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Tinfoil Digest: Epic Takedown Edition

Tinfoil Digest: Epic Takedown Edition

Our writers' recommendations this week include a mind-bending fan video about a top Q hunter, a look at the psychology behind conspiracy theories, and some light relief in the form of a podcast about Princess Diana.

 

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Nick, Contributing Editor - In an extraordinary demonstration of Poe’s Law coming to life, a YouTube user by the name of Official Qpatriot posted an “epic takedown” of QAnon Anonymous podcast host Travis View. Is it obvious over-the-top parody? Definitely. Does that mean some internet users aren’t falling for this brilliant takedown? Hell no. Above all, it’s an incredible piece of work and worthy of much praise. You can see the takedown in all its glory here and follow the best thing to happen to Q since the Podesta emails on Twitter here.

 

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Kristina, Disinformation Researcher - A critical factor in any conspiracy theory is its followers. To combat the spread of conspiracy theories, we need to understand the psychology type of people who believe in them. Benedict Carey from The New York Times has done an excellent job of bringing together the latest research on the psychology of people who live in a world of conspiracies.

Read the article here, and follow the researchers who worked on this topic: Shauna Bowes and Gordon Pennycook.

 

Joe, Senior Researcher - The legitimacy of mail-in votes is rapidly becoming a defining talking-point of the Trump campaign in the run up to November 3rd. In fact, with both Trump and Pence’s reluctance to commit to a peaceful transition of power at the end of each debate has given the issue an alarming significance in what it could mean in the aftermath of polling day. A paper by the Berkman Klein Center at Harvard University reveals that Trump has successfully seeded this narrative predominantly through the traditional press rather than through social media - serving as a timely reminder that disinformation can come from trusted sources as much as trending hashtags or viral videos.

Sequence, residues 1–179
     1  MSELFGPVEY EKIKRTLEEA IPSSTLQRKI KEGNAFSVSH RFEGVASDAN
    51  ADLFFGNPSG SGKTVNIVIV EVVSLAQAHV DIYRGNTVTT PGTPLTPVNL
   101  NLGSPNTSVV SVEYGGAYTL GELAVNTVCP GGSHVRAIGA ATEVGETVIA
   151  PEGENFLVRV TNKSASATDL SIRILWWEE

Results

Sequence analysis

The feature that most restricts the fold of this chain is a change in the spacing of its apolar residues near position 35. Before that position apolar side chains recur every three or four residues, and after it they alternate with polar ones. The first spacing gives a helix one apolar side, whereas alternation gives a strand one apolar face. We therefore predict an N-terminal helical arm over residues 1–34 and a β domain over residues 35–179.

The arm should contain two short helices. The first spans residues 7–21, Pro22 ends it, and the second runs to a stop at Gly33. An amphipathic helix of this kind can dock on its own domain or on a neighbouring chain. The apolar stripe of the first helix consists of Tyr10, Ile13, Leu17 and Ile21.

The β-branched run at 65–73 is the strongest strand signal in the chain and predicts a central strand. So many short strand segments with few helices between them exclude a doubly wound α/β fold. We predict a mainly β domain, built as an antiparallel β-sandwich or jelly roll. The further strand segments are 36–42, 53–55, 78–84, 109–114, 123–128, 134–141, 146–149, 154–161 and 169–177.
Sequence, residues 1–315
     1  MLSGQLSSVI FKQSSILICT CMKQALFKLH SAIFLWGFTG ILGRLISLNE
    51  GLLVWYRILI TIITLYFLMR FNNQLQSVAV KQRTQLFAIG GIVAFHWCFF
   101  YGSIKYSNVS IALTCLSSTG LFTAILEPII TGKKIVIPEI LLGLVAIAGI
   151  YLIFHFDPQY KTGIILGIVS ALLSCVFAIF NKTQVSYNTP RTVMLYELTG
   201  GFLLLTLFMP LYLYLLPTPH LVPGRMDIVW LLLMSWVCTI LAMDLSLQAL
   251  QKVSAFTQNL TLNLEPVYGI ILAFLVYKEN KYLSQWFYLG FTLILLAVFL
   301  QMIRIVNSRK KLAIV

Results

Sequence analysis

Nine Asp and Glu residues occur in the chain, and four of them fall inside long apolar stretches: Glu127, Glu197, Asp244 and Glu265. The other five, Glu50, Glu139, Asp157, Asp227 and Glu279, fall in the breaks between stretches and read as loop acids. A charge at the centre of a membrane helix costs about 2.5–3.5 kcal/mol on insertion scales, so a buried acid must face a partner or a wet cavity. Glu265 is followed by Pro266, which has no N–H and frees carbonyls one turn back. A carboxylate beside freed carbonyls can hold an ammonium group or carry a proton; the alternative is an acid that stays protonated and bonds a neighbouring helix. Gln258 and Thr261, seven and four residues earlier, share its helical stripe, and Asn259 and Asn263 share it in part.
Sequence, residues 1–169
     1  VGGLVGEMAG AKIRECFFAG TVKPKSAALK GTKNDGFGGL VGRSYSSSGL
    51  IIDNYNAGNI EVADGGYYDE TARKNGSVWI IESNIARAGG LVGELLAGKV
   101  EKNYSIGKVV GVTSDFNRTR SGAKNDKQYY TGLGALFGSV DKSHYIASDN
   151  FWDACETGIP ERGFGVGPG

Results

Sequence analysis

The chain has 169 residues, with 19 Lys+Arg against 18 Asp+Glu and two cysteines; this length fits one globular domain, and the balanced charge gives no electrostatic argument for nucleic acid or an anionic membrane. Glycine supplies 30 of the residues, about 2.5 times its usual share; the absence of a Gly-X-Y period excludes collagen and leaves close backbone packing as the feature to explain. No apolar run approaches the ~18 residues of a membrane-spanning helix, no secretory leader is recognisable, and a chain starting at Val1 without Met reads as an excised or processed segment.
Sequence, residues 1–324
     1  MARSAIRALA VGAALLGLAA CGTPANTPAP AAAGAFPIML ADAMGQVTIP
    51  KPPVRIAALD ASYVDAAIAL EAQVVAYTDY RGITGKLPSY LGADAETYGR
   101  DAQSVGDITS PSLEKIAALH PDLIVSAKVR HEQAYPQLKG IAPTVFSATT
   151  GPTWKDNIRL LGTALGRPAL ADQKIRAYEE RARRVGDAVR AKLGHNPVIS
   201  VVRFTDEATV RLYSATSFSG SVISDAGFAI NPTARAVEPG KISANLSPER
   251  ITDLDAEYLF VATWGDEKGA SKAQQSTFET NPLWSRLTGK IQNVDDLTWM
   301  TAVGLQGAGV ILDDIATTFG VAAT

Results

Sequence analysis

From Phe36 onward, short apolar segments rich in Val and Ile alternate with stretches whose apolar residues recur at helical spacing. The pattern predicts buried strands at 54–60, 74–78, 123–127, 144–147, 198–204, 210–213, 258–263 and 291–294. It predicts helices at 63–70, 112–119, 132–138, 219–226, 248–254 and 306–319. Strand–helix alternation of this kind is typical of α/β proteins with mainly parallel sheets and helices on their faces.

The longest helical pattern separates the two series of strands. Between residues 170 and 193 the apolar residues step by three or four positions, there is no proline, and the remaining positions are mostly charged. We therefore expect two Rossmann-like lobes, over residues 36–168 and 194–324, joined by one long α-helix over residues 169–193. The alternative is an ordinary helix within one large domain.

Read the paper here and follow the Berkman Klein Center here.

 

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Ishaana, Researcher - We’ve seen how ‘fake news’ arising from the pandemic has had serious real-world repercussions. Some governments across the world have implemented emergency measures to control the spread of such false information during the infodemic by way of arrests and censorship. Law makers often ignore some of the wider reaching effects of such measures where genuine information and criticisms can often go unheard.

In this superb read from Jenna Hand, is an analysis of Government overreach in the infodemic. Follow First Draft here.

 

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Edie, Contributing Editor - Logically favourites Sarah Marshall and Michael Hobbes have started a new series within their podcast debunking the misconceptions around media figures and celebrities: this one's on the life, death and press coverage of Princess Diana. There are outfits, there are polo matches, there are crumbling stately homes and there's an overabundance of stifling British aristocracy hell. It's so good. Listen here.

 
 

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